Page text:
The Problem-Oriented Policing in Violent Crime Places strategy was adopted by the Jersey City Police Department (JCPD) in response to rising violent crime rates in Jersey City, NJ, during the early 1990s. Borrowing techniques from hot spots policing and problem-oriented policing approaches, the strategy specifically concentrated on creating reductions in violent crime. Problem-oriented policing entails the analysis of underlying issues contributing to a certain crime problem, while hot spots policing concentrates on controlling crimes that cluster in geographic areas. The application of both techniques enabled officers to identify underlying conditions of crime in high-activity violent crime locations, enabling the development of tailored strategies to modify problematic characteristics and reduce violent crime in targeted problem areas.
The strategy was targeted at high-activity violent crime locations in Jersey City, NJ.
The strategy implemented by the JCPD used a series of problem-oriented tactics that could be broadly characterized as a “policing disorder” strategy. The approach used a broad range of techniques specifically intended to increase police activity and promote order in high-crime locations. To reduce social disorder, aggressive order maintenance techniques were applied, including the use of foot and radio patrols, the dispersing of groups of loiterers, the issuing of summons for public drinking, and use of ‘stop and frisks’ of suspicious persons. To reduce physical disorder, officers also made physical improvements in problem locations, which included securing vacant lots, removing trash from the streets, increasing lighting in areas, and removing graffiti from buildings.
The Violent Crimes Unit of the Jersey City Police Department was responsible for the development and implementation of problem-oriented strategies in identified high-crime locations.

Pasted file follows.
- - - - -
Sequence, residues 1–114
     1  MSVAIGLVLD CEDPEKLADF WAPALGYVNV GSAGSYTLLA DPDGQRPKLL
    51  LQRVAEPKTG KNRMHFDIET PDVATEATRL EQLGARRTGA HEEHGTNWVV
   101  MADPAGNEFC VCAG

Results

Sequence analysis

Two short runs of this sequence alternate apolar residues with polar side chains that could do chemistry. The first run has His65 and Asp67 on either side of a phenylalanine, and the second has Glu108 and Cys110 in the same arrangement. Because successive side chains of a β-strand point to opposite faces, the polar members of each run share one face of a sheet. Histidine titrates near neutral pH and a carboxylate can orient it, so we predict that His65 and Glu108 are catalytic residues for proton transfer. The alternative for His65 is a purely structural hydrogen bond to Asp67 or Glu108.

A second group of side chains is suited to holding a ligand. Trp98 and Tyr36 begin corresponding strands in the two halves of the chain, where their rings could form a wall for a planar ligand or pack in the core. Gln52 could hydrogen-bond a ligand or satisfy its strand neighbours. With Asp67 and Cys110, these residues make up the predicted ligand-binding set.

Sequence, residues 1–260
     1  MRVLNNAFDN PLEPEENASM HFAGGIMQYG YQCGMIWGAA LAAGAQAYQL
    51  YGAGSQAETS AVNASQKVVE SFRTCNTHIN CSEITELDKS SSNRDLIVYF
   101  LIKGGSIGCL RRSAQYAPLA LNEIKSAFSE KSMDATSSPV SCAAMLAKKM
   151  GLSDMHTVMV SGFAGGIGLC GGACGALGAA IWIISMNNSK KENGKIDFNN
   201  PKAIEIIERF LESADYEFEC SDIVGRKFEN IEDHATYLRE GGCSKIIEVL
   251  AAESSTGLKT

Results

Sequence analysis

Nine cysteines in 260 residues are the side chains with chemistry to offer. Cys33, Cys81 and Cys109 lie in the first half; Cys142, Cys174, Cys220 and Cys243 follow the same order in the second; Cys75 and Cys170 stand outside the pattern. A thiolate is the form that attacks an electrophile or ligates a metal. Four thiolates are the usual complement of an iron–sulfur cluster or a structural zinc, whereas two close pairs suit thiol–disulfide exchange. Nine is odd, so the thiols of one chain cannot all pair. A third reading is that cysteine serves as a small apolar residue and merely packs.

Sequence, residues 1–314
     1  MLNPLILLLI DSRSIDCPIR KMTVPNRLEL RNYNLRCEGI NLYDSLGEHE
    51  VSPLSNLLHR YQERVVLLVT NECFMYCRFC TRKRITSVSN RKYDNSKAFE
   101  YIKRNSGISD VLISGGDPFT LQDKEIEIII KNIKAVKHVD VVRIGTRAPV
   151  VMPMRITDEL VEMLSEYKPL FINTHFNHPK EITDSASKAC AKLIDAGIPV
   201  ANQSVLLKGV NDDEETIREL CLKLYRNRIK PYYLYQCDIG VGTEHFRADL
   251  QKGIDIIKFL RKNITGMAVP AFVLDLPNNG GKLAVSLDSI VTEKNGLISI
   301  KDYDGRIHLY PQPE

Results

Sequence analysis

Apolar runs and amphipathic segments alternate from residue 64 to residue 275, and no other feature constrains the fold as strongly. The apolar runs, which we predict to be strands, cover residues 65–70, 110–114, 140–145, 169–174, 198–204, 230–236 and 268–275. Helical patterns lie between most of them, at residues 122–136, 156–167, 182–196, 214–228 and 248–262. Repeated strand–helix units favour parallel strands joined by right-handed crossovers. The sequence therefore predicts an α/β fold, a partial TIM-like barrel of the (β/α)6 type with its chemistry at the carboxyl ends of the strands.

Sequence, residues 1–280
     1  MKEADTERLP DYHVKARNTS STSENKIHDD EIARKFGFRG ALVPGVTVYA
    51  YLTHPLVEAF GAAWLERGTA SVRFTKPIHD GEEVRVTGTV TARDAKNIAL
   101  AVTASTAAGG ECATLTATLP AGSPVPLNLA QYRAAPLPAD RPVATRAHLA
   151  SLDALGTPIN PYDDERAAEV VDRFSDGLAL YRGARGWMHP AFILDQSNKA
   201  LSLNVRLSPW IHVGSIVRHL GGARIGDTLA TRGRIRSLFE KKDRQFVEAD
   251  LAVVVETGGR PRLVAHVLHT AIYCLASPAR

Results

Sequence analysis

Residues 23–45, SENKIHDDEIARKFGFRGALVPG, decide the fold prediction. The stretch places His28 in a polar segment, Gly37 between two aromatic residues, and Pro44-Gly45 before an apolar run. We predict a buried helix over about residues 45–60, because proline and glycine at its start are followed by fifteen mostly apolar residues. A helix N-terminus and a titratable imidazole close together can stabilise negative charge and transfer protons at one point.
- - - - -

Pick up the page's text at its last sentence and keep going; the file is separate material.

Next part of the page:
The Jersey City strategy concentrated on the role of place in crime prevention, drawing on three complementary theoretical perspectives: rational choice, routine activities, and environmental criminology. The rational choice theory posits that choosing to commit a crime is a rational decision made by an offender to benefit himself (or herself), as part of rational and deliberate target-searching behavior. This is based on the idea that an offender commits a crime after deciding that the potential benefits of the crime outweigh the potential risks. The routine activities theory posits that a criminal act occurs when there is a convergence of a suitable target in the absence of a capable guardian. In theory, this complements rational choice because, when the opportunity to commit crime is presented, the offender is more likely to make the choice to offend. The role of place is introduced by environmental criminology, also known as crime pattern theory, which explores the distribution and interaction of targets, offenders, and opportunities across time and space. Based on the application of this idea to the theories of rational choice and routine activities, it is presupposed that certain characteristics of a place can make it more attractive than another to an offender. As pertinent to this strategy, the theory posits that the police concentrate on specific features of high-crime places that increase opportunities for offenders and cause crime to cluster at these locations. The strategy also applies the broken windows theory of criminology, which suggests that disorder in neighborhoods leads to an increase in crime. Accordingly, the Jersey City strategy adopts a situational crime prevention approach, specifically intended to reduce violent crime by modifying places, routine activities, and situations that promote violence. In sum, the strategy relies on the idea that improving order in problematic areas can effectively lead to reductions in violent crime.